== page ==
5 Worst Things About Teaching English
I think teaching English abroad can become a little too glamorized in some online forums, including my own blog. While I had a blast spending the last year teaching English in Buenos Aires, it wasn’t always pleasant, and was sometimes very difficult. I’m about to unload some honesty…
Let me describe for you my schedule for an average work day:
- 8:00 – 8:40 – TRAVEL TIME to first class
- 8:45 – 10:15 – First class on the day
- 10:15 – 12:45 – Free time. What am I supposed to do? I would either go home only to turn around and come back downtown, walk around downtown window shopping, or go to a cafe and work on lesson planning.
- 1:00 – 2:30 – Second class of the day.
- 2:30 – 3:15 – TRAVEL TIME to third class.
- 3:15 – 3:30 – Lunch.
- 3:30 – 5:00 – Third and Fourth Classes, if you’re lucky enough to get a block schedule.
- 5:00 – 5:45 – TRAVEL TIME to go back home.
So now that you have an idea of an average schedule, let me tell you my complaints.
5. Travel Time and Free Time.
So in an average 9 hour day I spent over two hours in transit. I had almost three hours of free time and I only taught 4 classes. This isn’t what I would consider a very productive use of time, and leads me to my next point:
4. Not Enough Money.
4 classes a day equals a total of 5 and 1/2 hours at 30 pesos an hour. That is 165 pesos a day, 825 a week, 3,300 a month. Or roughly $825USD a month. That certainly isn’t a living wage in the USA, and it is barely enough to get by in Buenos Aires. Here is why:
Let’s account for travel expenses. At 1.25 pesos per trip, travel expenses equal approximately 75 pesos a month. Now you’re making $3,225. If you’re lucky enough to have inexpensive rent, say around $1500 pesos a month you have $1725 to live off of for the whole entire month. That’s 430 pesos a week, or 61 pesos a day. When I first arrived in Buenos Aires, that went quite a bit farther than it does today because of ….
Now inflation changes rapidly, so by the time I post this, prices will probably be different, but a coffee at a cafe could cost between 6 to 10 pesos. A sandwich between 15 – 30 pesos. A glass of beer at a bar will cost no less than 15 pesos. A few kilos of meat for an asado will cost you hundreds of pesos.
I get a lot of emails from potential English teachers asking the same question: ‘can you make a living wage teaching English in Buenos Aires?’ My honest answer is: No. You cant. Not to say that there are people who don’t, and not to say that this should stop you, if it is something you really want to do. Just bring savings.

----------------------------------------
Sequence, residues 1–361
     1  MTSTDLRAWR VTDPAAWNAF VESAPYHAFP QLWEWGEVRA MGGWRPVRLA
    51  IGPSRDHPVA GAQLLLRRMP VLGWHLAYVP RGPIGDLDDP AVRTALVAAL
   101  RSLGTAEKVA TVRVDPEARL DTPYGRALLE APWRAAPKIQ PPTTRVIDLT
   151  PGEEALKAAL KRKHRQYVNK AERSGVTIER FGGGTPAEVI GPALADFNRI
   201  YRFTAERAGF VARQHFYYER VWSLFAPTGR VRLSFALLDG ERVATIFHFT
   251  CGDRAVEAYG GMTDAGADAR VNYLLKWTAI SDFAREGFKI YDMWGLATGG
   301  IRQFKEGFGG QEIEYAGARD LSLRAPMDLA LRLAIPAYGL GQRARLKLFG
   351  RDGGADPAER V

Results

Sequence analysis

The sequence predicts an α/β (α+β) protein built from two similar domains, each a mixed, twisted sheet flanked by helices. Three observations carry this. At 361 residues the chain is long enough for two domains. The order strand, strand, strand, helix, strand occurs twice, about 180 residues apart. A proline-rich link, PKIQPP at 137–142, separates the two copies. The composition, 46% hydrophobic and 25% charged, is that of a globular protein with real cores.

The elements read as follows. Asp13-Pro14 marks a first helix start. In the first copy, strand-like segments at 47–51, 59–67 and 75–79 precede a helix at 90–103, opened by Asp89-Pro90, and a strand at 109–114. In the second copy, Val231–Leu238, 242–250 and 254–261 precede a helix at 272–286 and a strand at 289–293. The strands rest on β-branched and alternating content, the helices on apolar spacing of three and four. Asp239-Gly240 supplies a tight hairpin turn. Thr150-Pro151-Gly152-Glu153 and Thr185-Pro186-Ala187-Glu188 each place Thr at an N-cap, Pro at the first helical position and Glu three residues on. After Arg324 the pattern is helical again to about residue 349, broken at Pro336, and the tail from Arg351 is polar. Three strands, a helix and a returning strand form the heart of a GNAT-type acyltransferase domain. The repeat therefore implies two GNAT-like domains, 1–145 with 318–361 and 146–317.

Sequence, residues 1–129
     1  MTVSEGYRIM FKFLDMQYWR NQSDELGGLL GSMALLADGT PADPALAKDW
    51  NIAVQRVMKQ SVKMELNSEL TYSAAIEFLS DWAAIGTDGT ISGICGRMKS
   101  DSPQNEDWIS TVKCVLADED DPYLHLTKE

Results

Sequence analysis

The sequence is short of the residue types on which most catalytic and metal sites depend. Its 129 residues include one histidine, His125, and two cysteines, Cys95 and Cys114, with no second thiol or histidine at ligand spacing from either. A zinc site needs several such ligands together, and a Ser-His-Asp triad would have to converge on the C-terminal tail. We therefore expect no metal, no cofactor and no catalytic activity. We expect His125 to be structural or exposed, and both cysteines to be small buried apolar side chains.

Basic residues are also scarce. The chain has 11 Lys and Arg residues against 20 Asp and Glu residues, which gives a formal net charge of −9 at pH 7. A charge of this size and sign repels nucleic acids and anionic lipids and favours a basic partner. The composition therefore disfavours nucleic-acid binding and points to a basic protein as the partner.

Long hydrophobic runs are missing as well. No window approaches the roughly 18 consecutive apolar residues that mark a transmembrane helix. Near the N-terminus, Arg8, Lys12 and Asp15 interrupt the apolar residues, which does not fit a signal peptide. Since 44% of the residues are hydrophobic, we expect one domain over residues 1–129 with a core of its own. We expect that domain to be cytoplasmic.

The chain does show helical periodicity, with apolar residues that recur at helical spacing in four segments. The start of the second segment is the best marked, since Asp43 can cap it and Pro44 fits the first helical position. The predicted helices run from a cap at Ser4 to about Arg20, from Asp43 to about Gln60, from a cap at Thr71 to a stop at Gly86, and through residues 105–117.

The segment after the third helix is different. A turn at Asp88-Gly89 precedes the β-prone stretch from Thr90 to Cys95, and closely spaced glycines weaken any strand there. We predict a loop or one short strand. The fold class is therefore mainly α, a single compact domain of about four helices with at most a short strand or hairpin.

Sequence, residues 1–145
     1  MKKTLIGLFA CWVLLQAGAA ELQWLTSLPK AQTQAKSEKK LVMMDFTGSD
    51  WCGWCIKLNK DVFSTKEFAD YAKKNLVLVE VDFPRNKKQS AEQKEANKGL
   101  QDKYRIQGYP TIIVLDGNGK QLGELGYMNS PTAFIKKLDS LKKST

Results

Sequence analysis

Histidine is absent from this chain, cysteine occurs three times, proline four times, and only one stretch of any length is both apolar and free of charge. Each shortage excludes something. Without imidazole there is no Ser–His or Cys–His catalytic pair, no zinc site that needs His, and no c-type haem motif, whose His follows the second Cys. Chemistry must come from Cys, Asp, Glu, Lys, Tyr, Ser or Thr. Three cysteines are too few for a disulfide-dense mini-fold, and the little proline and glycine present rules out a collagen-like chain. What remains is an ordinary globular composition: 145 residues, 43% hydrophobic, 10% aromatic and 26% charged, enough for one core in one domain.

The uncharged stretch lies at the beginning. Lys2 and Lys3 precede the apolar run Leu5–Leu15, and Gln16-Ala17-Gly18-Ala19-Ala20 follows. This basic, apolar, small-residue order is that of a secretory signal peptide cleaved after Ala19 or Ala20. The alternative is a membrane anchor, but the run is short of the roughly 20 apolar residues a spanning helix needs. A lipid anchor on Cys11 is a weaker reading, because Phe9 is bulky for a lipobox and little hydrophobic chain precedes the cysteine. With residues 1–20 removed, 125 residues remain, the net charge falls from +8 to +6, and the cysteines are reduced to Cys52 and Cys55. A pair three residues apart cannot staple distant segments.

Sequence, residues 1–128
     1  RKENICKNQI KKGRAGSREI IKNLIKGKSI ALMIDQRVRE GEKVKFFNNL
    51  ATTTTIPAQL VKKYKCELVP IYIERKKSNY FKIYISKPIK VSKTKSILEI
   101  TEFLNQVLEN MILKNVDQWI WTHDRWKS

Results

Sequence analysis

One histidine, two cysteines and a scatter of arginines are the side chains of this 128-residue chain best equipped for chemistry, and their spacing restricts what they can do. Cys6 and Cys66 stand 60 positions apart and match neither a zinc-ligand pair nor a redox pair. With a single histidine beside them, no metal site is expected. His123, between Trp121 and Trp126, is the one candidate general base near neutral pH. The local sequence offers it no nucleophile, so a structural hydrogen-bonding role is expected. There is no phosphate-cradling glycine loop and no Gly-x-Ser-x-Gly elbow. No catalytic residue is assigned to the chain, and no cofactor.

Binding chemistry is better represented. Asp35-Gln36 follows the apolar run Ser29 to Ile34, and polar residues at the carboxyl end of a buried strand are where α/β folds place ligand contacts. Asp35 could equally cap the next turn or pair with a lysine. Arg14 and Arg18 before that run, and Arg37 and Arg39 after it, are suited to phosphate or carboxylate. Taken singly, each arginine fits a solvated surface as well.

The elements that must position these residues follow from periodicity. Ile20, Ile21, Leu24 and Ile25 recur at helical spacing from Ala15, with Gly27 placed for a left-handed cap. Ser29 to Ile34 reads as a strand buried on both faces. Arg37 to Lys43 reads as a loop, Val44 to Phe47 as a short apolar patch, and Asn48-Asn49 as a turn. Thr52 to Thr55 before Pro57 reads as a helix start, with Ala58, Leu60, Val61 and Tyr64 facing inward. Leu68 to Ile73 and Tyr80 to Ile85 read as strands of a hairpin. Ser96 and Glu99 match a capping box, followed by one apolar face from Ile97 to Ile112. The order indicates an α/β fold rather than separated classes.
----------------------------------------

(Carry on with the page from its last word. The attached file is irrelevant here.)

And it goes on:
1. Am I Your Teacher Or Your Geisha?
I really need to vent about something. While I try not to use my blog as an outlet for my tirades, when I do, I usually get a wide array of offensive responses, which has only encouraged me.
I recently decided to retire my post as English teacher and start a new career path. When I gave notice to my institute of employment, they politely asked that I recommend a replacement teacher. I knew my friend (and blog contributor) Brennan was looking for some new teaching positions, so I recommended him. Being a charismatic, educated, delightful person and good teacher, I was sure my boss would hire him on the spot. I was shocked when in response they told me: “thank you, but we’re really looking for a pretty girl to take the position.”
I was (am) SO offended. Is that why I was hired? Did my qualifications count for nothing? I suddenly second guessed my students’ intentions. Did they actually care about learning English or did they just want to spend an hour a week with a woman who wasn’t their wife nor secretary? Suddenly small gifts I’d received from my students seemed very suspicious. I felt so degraded, like I had been hired not for my skill or intelligence, but for my straight teeth and semi-blonde hair *. I ignored the email, and did not send them another candidate, nor did I respond in full angry feminist fashion saying that despite typical gender roles depicted on Argentine television, I refuse to let my status as a woman equate to being treated as sex object to be pimped out under the guise of ‘English Teacher’.
I will note, that all of my students, while mostly men, have always treated me with respect and professionalism. ___________________________________________________________
Now, I know, I can’t complain about any of this, because I willingly chose this career with my own free will. So I’m not complaining. Teaching English gave me the opportunity to move to Argentina and experience the full glory of its locura.
That being said, had I found a legitimate job out of college, and not spent a year unemployed, I probably never would have left the country to accept such a low paying, almost ridiculous job, but c’est la vie. Personally, I’m living with no regrets, but would like to provide other potential English teachers with enough information that they too, can live regret free. You’re welcome.
Tell me, other English teachers – what is your opinion?
* Please note: I don’t personally identify as a blonde, but my honey hued locks are considered by most Argentines as ‘rubia’.